In October of 1988, a Burlington, Vt.-based rock band called the Cuts released their second album, Straight Path. Their first album, a self-titled LP, had been a local favorite in 1985, and the band was doing their own promotion for the follow-up, sending it to DJs, promoters, anyone who could expose their music to a wider audience.
The Cuts never broke big, and if you Google them, the only mention you will find is in the recollections of ex-Burlington scenesters like this guy. In fact, the only reason I know about them is that the band's guitarist, Frank Egan, is my uncle.
For a few dollars, I recently bought a vinyl promo copy of Straight Path on eBay. It came with a great promotional poster of the band and a press release with a hand-written note to someone named Mickey, signed by Dave Daignault, the lead singer and bass player of the Cuts, and to this day one of Frank's best friends. After the Cuts, Frank and Dave moved to Boston and then New York, playing together under a variety of names: Lisa Rock, Coffee, Penny, and most recently Louder Daddy. Now Frank is a financial analyst with a wife, an ex-wife, and two kids, soon to be three.
But I digress. Here is my copy of Straight Path:
While the cassette version of the album (which I listened to repeatedly as a kid) had ten tracks, the vinyl edition has just six — "to insure [sic] greater fidelity for radio airplay," as the press release explains — making it more of an EP than a bona fide LP. My intention here is to re-expose the world to an album that very few people ever heard, and that probably I am the first person to listen to in a good 10 years. I managed to figure out how to digitize the EP, and I present it here (with Frank's pre-approval, of course) for your listening pleasure, complete with analog pops and hisses.
Click here to download the whole EP, or click on the track names below to listen to or download them individually:
01 Straight Path (lyrics)
02 In a Different Part of the World (lyrics)
03 Pig (lyrics)
04 Rain (lyrics)
05 Hard to Pretend (lyrics)
06 People Solving Problems (lyrics)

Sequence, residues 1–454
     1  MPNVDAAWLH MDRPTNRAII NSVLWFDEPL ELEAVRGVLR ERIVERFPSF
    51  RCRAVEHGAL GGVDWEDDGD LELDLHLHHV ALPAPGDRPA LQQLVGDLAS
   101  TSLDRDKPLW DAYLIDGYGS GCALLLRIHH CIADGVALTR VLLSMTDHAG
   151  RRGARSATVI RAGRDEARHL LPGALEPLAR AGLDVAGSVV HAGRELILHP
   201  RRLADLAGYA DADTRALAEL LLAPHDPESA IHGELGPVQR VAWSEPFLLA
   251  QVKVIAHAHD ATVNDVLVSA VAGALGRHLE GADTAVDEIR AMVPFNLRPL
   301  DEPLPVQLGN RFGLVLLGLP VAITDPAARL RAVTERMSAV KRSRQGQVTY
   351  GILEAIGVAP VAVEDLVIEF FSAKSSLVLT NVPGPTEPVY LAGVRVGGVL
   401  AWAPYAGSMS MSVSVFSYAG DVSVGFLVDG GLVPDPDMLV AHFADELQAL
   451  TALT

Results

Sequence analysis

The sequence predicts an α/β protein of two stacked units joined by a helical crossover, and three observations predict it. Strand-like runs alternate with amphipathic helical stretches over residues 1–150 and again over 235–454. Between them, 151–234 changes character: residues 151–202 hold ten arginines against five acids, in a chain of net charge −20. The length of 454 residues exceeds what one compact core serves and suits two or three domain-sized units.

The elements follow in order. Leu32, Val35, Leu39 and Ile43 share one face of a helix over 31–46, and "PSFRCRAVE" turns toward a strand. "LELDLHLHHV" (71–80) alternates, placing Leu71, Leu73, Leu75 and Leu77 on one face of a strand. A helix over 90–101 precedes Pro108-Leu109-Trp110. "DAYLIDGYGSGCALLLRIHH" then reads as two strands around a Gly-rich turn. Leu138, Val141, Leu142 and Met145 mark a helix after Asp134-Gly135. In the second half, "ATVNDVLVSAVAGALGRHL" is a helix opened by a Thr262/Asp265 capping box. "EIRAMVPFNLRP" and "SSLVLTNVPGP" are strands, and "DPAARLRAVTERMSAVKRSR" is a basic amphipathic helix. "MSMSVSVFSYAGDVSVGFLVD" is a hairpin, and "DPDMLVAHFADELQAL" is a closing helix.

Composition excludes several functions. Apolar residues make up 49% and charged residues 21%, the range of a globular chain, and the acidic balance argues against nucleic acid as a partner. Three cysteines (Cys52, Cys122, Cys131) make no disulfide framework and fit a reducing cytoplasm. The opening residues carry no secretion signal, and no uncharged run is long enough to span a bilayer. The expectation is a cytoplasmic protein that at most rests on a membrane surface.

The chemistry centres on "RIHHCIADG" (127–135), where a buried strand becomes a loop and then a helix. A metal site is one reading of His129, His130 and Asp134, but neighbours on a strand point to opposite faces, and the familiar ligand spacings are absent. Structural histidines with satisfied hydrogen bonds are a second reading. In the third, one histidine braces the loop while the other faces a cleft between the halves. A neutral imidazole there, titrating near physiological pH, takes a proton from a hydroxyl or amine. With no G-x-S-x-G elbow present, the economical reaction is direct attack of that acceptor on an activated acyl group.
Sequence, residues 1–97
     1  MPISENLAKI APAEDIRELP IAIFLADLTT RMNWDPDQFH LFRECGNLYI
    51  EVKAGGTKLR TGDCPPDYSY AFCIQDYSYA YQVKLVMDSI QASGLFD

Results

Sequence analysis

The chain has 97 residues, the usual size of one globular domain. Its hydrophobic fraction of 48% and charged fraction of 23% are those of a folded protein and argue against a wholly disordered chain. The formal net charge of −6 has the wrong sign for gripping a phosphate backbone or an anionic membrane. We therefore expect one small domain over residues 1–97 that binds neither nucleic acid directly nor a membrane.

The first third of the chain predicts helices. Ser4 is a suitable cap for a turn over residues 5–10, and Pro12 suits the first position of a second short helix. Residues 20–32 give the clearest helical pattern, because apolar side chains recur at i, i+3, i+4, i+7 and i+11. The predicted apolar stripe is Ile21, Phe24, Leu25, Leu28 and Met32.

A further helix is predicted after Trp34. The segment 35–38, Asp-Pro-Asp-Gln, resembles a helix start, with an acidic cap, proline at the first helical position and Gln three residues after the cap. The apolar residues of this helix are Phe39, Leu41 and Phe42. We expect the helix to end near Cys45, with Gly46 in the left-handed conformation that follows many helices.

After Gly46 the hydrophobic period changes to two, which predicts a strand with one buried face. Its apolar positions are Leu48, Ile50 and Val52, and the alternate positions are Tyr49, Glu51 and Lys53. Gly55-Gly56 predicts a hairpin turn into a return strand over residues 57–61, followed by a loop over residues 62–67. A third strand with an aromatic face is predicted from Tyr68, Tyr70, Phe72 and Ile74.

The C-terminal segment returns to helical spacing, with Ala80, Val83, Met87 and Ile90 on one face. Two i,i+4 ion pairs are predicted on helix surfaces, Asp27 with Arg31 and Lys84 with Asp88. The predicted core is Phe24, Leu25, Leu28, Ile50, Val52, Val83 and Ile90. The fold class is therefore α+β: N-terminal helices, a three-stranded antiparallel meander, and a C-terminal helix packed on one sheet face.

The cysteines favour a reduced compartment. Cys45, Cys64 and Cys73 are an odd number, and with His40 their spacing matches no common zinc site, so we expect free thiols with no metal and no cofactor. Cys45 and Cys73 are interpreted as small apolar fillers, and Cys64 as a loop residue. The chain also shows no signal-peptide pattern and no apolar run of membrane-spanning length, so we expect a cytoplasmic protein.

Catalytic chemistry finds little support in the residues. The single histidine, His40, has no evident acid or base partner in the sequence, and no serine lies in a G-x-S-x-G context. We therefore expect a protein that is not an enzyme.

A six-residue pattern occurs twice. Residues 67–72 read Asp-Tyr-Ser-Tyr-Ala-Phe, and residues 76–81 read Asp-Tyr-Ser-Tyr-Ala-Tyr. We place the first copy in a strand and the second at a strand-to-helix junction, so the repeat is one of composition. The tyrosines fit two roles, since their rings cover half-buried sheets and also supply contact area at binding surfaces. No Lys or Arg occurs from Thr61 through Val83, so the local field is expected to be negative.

I recommend starting with the title track — the one the most deserves the title of "lost gem." This one's got it all: some kick-ass guitar lines, some oh-so-'80s synths, an anthemic chorus, and an even better verse melody that Dave milks for all it's worth. My favorite part is the fourth time through the "My roots..." verse, when Frank joins in on backing vocals. I also love the rhyme of "avoid" with "Freud." Classic.
Some of the other tracks maybe haven't aged as well, particularly "People Solving Problems" and "Pig," which are ruminations on world peace and American greed, respectively. (In particular, the sax solo on "Pig" reminds me how glad I am that that instrument is no longer prominently featured in many pop songs.) "In a Different Part of the World" is another topical song, but it's interesting for a number of reasons: first, the production, which is very Talking Heads-y in its world-music flavor and its female backing vocals; and second, the lyrics, which are frankly hilarious. The verses totally throw the feel-good message of the chorus on its head.
"Rain" is an interesting atmospheric piece that feels a bit longer than it is, but the production is fantastic, with synthesizers, backing vocals and distorted guitars used to spooky effect. This should've been in a movie.
The sleeper hit on the record, for me, is "Hard to Pretend." The synth line that opens the song would've fit right in on pop radio in '88, and the song is brooding, dark and moody as hell. Plus that guitar solo — damn, uncle!
When I was a kid listening to this stuff, I guess I didn't realize how many of the Cuts' songs were about messed-up desire and illicit romance, although I guess they did make the sex stuff more overt in one of their later songs, which was titled "Take Me Down." (I wish I could've been able to post an mp3 of "Esther," one of the cassette-only songs from Straight Path, which was about Dave's "Domino's pizza girl" and contained the awesome line, "There isn't anything that I wouldn't give just to munch-a-munch-a-munch on her pies.")
OK, so have a listen to these tracks and post reactions in the comments section.